P4 - CH, low, strike (swinging; excellent pitch sequence had Rodriguez looking FB on P4)

P1 - CB, low-out, strike (looking; is he reading this? Again, way to pitch off the CB!)
P2 - FB, low-out, strike (swinging; again way behind after CB set-up)
P3 - CB, low-in, strike (swinging)

Inning Summary: Outstanding inning. Great job pitching off the secondary stuff and keeping the hitters guessing after being forced to the FB the previous inning. Should earn another trip to the mound in the sixth -- it'd be nice to see him get through six after laboring a bit with his pitch count early.

Inning: 11 pitches/9 strikes, O BB, 2 SO, O H, O ER
Total: 84 pitches/57 strikes, 2 BB, 6 SO, 4 H, 3 ER

Tillman pulled; Albers in

Game Summary: Tillman put together a nice little start after showing some inconsistent command early. His last inning was by far his best, and it would have been nice to see him out for one more (particularly to face Duncan and Jackson again). It's clear what Tillman needs to continue to work on -- command in the zone, curveball command and using his changeup. He'll also need to build up some more in-game endurance, though some of that will come as he continues to fill out and build his overall durability. His curveball flashed plus-plus today, though it generally sat around plus, with average command. His change-up was a very good pitch the few times he threw it. Hopefully he'll continue to integrate it into his arsenal. Another nice start; still not Major League ready, but he's clearly working his way there.

Final Line : 5 IP, 2 BB, 4 H, 6 SO, 3 ER, 84 pitches/57 strikes


Wednesday, April 29, 2009

Zaun is Unlucky?

From Roch Kubatko's blog:

Trembley noted that Zaun has hit "in some tough luck."

"I think for a guy who has played as long as Zaun has, you've got to look at the track record and see what he is, and that's basically a .250 hitter, and I think that's what he would be," Trembley said.

Is Dave Trembley correct in his assessment of Gregg Zaun this season?

A quick way to find out is PrOPS.

Zaun's Actual Line: .111/.238/.185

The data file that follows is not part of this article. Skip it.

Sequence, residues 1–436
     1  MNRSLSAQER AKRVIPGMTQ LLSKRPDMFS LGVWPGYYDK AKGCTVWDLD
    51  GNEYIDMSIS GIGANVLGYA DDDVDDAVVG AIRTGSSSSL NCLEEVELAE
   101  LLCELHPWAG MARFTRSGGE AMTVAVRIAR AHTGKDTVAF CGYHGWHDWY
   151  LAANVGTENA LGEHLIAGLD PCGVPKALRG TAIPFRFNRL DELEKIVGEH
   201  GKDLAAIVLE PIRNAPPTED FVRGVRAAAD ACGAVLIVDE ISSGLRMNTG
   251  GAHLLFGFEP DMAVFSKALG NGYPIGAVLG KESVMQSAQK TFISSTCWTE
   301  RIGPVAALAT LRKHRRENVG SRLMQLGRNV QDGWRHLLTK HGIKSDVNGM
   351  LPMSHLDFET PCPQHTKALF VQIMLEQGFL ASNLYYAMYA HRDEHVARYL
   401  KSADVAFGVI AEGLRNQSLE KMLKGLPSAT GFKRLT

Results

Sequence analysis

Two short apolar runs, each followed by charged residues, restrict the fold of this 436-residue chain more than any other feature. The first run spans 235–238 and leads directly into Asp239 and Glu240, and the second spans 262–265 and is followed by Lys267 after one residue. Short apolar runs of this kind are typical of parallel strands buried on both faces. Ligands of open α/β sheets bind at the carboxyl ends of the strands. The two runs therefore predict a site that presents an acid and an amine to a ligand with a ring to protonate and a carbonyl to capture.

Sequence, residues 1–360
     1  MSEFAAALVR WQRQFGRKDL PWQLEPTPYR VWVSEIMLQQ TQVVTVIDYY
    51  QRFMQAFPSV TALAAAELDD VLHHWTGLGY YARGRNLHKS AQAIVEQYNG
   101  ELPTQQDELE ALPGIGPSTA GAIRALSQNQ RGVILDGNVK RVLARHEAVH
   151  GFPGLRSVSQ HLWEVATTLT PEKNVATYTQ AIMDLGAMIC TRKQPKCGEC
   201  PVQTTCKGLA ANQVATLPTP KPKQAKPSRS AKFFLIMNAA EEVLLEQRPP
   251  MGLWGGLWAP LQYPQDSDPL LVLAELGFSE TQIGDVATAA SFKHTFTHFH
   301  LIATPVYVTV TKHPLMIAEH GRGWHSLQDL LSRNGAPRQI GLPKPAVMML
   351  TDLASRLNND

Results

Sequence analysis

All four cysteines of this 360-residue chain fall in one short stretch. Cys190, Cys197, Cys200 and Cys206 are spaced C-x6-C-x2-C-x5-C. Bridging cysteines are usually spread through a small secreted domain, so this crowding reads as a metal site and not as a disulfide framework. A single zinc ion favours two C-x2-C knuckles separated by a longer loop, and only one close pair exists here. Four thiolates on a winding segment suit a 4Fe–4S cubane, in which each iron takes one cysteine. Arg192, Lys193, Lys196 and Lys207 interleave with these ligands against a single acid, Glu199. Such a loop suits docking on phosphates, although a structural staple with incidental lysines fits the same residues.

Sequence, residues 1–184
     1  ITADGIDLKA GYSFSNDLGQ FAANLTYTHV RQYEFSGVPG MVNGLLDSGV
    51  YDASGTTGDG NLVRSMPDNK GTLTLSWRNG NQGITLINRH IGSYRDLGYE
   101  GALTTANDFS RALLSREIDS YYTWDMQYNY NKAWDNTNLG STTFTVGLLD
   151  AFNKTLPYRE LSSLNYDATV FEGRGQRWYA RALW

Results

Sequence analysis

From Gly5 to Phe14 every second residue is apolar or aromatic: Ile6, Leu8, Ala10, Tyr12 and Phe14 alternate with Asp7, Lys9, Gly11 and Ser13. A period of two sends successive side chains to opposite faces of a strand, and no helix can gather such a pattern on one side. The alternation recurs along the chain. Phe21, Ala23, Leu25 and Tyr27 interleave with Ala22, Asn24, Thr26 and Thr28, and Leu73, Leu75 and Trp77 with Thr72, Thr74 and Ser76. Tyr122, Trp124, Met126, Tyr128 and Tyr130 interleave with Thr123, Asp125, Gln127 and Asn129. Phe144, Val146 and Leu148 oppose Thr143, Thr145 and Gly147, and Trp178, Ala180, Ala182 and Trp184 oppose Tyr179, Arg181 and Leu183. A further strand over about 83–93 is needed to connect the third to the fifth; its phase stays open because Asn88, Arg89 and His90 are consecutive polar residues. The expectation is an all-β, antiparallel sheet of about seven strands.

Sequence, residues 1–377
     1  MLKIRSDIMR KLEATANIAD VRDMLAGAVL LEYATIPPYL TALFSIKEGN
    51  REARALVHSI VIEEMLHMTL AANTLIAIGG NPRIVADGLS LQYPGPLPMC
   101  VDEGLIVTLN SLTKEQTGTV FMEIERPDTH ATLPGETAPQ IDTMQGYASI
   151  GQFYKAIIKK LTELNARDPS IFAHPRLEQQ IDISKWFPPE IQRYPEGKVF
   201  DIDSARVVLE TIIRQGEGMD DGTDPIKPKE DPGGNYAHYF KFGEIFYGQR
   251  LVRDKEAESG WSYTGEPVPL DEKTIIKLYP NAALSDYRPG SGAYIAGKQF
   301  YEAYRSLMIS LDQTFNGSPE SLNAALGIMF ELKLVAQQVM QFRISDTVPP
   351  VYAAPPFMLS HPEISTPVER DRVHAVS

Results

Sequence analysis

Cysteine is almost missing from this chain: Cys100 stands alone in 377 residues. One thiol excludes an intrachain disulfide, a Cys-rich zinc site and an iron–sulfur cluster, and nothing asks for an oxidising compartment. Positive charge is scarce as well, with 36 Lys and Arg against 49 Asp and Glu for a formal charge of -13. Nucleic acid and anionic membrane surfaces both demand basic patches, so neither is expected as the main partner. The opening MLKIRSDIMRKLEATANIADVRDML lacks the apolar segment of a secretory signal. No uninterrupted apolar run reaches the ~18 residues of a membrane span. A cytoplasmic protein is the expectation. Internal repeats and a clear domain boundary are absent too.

Zaun's PrOPS Line: .241/.347/.303

It does appear that Zaun has been unlucky early this season. And if you take his expected line through PrOPS, he is much closer to the .250 hitter that Dave Trembley is expecting.

So should Chad Moeller get more playing time at this point?

Moeller's Actual Line: .250/.318/.450
Moeller's PrOPS Line: .316/.373/.538

Probably. Based on Moeller's hot bat and Zaun's cold one it probably wouldn't hurt things to split the time equally at least.


Monday, April 27, 2009

Is there any room for Pie in Left Field?

We are probably painfully aware at this point that Nolan Reimold is beating up on pitchers in AAA. This has included two launched balls off of David Price, the esteemed No. 2 in BA's top prospects. He is batting 417/486/750 and is on pace to slug 50 home runs in a full season of AAA. His MLE OPS is 1027. This makes it difficult on Felix Pie. So far he has not performed with a line of 167/259/229. That is bad. Added to this, part of his charm was bringing above average defense to left field. He has just recently achieved average defensive value and it is arguable whether he will advance beyond that.

Now . . . your head might explode here. Pie has been unlucky. More after the jump.


There are some basic rules of thumb you can apply to batted ball data. You look at a line and you will find that 0% of infield flies result in a hit, 22% of fly balls land for a hit, 28% of groundballs find holes through the infield, and 74% of line drives find a home in the outfield grass. Now, Felix has registered 2 infield flies, 13 fly balls, 12 grounders, and 8 line drives.